Autumnal are not a newcommer on the scene, those who follow the doom scene must be aware that this band is active since 1998 and is by many considered to be the cornerstone of Iberian metal. Unfotunately Autumnal since then granted us only a couple of demos and one full-lenght album, Grey Universe, released in 2006. From then until now everything was silent in the Spanish camp and somehow the surprise is even bigger as out of nothing a monumental monster album like The End Of The Third Day is announced, an album that in a way follows the path that Autumnal outlined with their debut album, I'm talking about epic melodic doom metal full of heart rendering crushing passages. It's true that with this new work Autumnal's music sounds even better structured, has much more flow and can suck you even deeper in the melancholic state of mind with music and feelings that must come straight from the heart, but yet it has kind of a spark, in all that sadness that speaks through deep tones there's life in it, kind of a ray of hope, a healing touch.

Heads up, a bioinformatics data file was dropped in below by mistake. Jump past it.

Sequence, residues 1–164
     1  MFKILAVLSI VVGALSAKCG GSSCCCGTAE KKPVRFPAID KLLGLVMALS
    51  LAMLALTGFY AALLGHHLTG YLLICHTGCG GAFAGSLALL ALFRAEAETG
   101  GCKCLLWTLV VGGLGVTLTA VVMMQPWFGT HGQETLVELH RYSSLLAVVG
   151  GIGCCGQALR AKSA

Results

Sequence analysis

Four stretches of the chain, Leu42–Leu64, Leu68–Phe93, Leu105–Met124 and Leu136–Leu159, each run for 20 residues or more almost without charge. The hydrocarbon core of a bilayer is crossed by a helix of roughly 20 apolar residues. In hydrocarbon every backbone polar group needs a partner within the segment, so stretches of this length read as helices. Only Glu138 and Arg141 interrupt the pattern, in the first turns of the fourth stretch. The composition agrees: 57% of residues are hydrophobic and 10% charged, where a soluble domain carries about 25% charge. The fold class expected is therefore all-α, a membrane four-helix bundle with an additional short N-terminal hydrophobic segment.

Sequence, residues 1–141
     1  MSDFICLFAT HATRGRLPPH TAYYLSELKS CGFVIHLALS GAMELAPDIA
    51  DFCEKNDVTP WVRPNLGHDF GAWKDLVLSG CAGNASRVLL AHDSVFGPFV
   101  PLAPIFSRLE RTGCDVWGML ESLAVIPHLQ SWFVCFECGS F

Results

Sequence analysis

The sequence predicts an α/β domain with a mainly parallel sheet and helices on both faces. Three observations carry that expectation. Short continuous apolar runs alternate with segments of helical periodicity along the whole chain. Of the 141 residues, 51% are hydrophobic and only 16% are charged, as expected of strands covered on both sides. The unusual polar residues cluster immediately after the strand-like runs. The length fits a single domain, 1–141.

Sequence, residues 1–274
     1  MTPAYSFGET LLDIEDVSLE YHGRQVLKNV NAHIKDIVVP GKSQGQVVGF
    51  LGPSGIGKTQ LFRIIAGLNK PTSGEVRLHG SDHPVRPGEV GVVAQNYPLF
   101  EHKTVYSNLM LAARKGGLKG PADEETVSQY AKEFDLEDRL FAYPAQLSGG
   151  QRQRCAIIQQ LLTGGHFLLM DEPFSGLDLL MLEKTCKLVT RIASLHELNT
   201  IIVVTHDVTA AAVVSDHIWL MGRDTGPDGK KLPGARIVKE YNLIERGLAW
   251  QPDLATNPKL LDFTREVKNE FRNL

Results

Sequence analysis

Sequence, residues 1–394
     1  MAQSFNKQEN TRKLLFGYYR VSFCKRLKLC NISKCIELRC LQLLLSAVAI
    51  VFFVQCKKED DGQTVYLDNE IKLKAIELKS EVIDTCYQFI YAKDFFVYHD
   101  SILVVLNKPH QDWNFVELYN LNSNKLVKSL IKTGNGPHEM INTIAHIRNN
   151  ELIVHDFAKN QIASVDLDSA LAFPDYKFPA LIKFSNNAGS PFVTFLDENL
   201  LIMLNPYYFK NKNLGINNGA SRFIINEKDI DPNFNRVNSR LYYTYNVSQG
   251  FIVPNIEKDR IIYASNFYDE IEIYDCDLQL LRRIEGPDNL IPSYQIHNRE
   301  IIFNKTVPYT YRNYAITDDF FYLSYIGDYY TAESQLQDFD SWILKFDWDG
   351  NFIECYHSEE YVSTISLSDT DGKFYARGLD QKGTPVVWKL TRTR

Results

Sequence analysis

The End Of The Third Day comes served in eight let said epic songs that together sums more than 70 minutes in lenght. The song compositions are fortunately very well structured and each song and with that the whole album gets a nice pathos that brings no boredom. Gentle and soothing melodies have many twists and with powerful doomed crushing walls of sounds forms a highly dynamic drive. Vocalist Javier de Pablo with his soul rending vocals does a perfect job, when singing clean he sounds like a perfect mix between Jonas Renkse (Katatonia), Vincent Cavanagh (Anathema) and Marco Benevento (The Foreshadowing), while in some of the more extreme parts his growls become similar to Aaron Stainthorpe from My Dying Bride. It's really breathtaking when the classically influenced sorrowful strings (violins, viola, cello,...) and soft piano comes in the picture, deepening the atmosphere like not many times is heard, just listen how everything is so perfectly balanced in, to point out just a couple, "One Step… And The Rest Of Our Lives", "The Head Of The Worm" and the sorrowful closing one "Father's Will". Great guitar riffs and timeless melodies, also some exqusite leads and memorable hooks must bring some shivers down your spine. The mind blowing rhythm section with exceptional drumming gives a lot of heaviness to each composition and consider everything spiced with that mysterious Mediterranean charm, like in the case of Moonspell to point out at one band, than you know what I'm talking about.